© Flickr/Hollywoodtb
© Flickr/Hollywoodtb
Osa Peninsula/Drake Bay/Golfo Dulce, Costa Rica
Osa Peninsula/Drake Bay/Golfo Dulce, Costa Rica
Osa Peninsula,, Provincia de Puntarenas, Costa Rica

Green Sea Turtle

As its name suggests, these turtles are very green. This is due to a green-colored fat under their upper shell.  Sometimes they look almost black. An adult green sea turtle can grow up to 5 feet long (1.5 mtrs) with an average weight of 149-419 pounds (68-190 kgs).

© iStock/DavidCarbo
© iStock/DavidCarbo
Tortuguero National Park (Barra de Pacuare), Caribbean Coast, Costa Rica
Tortuguero National Park (Barra de Pacuare), Caribbean Coast, Costa Rica
Tortuguero, Limón Province, Costa Rica

Loggerhead Sea Turtle

As you might guess, loggerheads have big heads! Or at least it looks unproportional to the rest of the body. In Costa Rica they are sometimes called “cabeza grande” (bigheaded) turtles. Nests are mostly seen on the Caribbean coast of Costa Rica between July-Oct, but in Bara de Pacurare they are sometimes seen as early as March. Loggerheads typically weigh around 400 pounds (180 kg) and  are about 47 inches long (20 cm).

© iStock/Swimwitdafishes
© iStock/Swimwitdafishes
Gandoca-Manzanillo Wildlife Refuge
Gandoca-Manzanillo Wildlife Refuge
Gandoca Manzanillo National Wildlife Refuge, 36, Limón, Costa Rica

Sea turtles, nests, eggs, baby turtles

Sea turtles typically nest every two years and often have several nests during their nesting season. Once the female turtles have reached a suitable site, the turtles use their back flippers to excavate the nest, leaving behind roughly 100 leathery eggs. Eggs are about the size of a ping-pong ball. After the eggs are in the sand, the turtles cover them up with sand.

For good measure, the mother sea turtles sometimes rock back and forth on the nest, making loud thumping sounds. This is known as “dancing” over the nest. It has the important purpose of compacting the sand and camouflaging the turtle nest. About 45 days after incubation, the baby sea turtles begin to hatch. With amazing strength and determination, they make a mad dash toward the ocean, guided by the light of the moon reflecting on the ocean.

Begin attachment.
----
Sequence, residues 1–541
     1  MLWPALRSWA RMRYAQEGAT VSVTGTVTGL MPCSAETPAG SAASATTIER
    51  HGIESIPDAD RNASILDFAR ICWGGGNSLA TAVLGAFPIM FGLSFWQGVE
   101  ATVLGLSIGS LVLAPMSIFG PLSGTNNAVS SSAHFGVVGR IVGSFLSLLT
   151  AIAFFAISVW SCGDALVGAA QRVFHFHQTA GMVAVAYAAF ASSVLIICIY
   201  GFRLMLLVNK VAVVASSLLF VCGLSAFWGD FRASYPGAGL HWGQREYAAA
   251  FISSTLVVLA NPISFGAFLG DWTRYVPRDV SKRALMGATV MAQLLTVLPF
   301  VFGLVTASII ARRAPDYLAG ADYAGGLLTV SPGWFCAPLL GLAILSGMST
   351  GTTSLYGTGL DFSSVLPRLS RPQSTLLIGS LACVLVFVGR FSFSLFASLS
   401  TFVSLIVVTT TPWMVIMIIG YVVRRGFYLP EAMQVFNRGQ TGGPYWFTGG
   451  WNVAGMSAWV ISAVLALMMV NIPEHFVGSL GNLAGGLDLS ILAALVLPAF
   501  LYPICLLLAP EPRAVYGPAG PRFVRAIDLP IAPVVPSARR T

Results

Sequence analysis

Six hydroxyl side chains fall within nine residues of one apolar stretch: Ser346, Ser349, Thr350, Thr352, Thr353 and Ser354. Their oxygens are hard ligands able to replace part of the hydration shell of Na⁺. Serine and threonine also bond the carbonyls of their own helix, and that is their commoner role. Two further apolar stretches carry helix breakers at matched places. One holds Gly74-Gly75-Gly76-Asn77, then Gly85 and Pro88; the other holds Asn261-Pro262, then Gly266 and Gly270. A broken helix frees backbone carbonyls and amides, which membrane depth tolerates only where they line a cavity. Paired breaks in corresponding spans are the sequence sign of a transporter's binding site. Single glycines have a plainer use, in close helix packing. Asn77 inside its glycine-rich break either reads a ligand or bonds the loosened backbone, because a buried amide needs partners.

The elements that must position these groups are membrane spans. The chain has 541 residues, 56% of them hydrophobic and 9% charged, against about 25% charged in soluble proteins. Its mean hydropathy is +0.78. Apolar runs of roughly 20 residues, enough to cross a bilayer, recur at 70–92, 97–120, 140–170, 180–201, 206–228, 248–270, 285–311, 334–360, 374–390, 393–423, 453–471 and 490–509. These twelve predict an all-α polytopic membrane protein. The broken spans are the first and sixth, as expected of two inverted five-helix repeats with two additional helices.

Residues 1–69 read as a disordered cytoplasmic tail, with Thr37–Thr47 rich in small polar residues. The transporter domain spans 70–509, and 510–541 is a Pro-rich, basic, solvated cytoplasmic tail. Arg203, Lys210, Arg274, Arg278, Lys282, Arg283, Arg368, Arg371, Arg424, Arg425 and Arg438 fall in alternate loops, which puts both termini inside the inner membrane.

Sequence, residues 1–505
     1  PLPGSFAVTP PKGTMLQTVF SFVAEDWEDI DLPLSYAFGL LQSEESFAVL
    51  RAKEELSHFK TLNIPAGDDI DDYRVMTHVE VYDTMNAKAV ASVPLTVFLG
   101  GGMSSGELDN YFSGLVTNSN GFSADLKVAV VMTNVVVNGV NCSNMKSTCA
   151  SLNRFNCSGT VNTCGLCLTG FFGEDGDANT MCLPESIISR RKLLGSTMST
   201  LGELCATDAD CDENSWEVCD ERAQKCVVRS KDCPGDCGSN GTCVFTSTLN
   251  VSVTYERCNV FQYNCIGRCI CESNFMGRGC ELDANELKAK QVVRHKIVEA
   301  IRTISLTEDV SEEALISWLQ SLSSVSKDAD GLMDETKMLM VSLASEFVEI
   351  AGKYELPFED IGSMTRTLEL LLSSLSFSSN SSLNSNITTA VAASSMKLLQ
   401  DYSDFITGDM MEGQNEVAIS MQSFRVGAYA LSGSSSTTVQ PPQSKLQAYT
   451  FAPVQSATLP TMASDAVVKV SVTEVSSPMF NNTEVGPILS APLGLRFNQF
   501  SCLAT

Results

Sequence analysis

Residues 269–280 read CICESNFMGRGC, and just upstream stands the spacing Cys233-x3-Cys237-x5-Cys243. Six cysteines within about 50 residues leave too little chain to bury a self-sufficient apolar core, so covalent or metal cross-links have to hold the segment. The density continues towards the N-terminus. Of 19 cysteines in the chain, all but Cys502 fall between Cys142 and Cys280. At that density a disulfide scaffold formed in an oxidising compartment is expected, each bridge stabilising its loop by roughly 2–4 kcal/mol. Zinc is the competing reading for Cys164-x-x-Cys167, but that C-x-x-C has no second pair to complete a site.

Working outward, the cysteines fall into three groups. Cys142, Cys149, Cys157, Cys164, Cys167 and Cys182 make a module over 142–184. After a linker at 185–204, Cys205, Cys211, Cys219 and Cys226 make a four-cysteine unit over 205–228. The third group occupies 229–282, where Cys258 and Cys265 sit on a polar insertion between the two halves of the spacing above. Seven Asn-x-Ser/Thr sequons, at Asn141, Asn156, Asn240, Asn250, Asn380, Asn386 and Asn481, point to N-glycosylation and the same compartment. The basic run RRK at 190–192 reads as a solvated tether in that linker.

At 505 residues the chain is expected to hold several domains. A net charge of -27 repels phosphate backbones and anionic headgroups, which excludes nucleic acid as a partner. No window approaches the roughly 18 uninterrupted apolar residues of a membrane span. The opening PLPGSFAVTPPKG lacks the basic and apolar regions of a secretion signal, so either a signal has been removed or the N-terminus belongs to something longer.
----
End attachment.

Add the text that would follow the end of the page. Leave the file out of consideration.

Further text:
© iStock/MykolaIvashchenko
© iStock/MykolaIvashchenko

Turtle protection and guided tours

Certainly Costa Rica welcomes both the sea turtles and the human visitors who come to see them.  In an effort to protect both, Costa Rican turtle nesting sites are protected as sanctuaries. There is even a nationwide campaign against selfies with wild animals, including sea turtles.  Local efforts to protect sea turtles have intensified over the years. Even so, it is still possible to see turtles nesting and babies hatching.  There are authorized access points and many local tours are available.  Going with a guide is especially necessary to protect the turtles and their eggs from unauthorized poachers. Park fees and your donations make the important aid efforts to protect, conserve, and rescue sea turtles.

© iStock/Marc Bruxelle
© iStock/Marc Bruxelle

It is better to go with a guide

Most nesting sites have restricted access and require visitors to be with a guide.  Even remote beaches are seriously patrolled.  It is much better to go with a guide than to venture out on your own.  First, tours and guides know the turtle seasons.  They can help you decide where you are most likely to see turtles nesting or babies hatching in off-season.  Second, turtles nest at night so both you and the turtles are safer with a guide who knows the area, the tides, and how to approach the turtles.  Third, your guide will be able to answer the many questions you or your children are sure to have.  In case you are wondering like I was, the most-asked question turtle guides answer is: “How old is this one?”  

I hope you will go on at least one sea turtle excursion tour.  It is a unique experience to see some of nature’s most phenomenal land-sea creatures.  It is also a great learning experience for kids.  It can be interesting to see videos, but there is nothing that can compare to witnessing nature in person. If you decide to go on a turtle nesting site excursion, please follow your guide’s steps and instructions, stay quiet and do everything you can not to disturb the turtles.     

© Flickr/misapedia
© Flickr/misapedia

The author

Susan Wesley-Vega

Susan Wesley-Vega

My name is Susan and I’m from the U.S., but have been living in Alajuela, Costa Rica for 15 years. I love discovering the specialness in every place I go. By writing about the fun and fabulous ecotourism hotspots in my adopted country, Costa Rica, I hope to inspire you to come and see for yourself!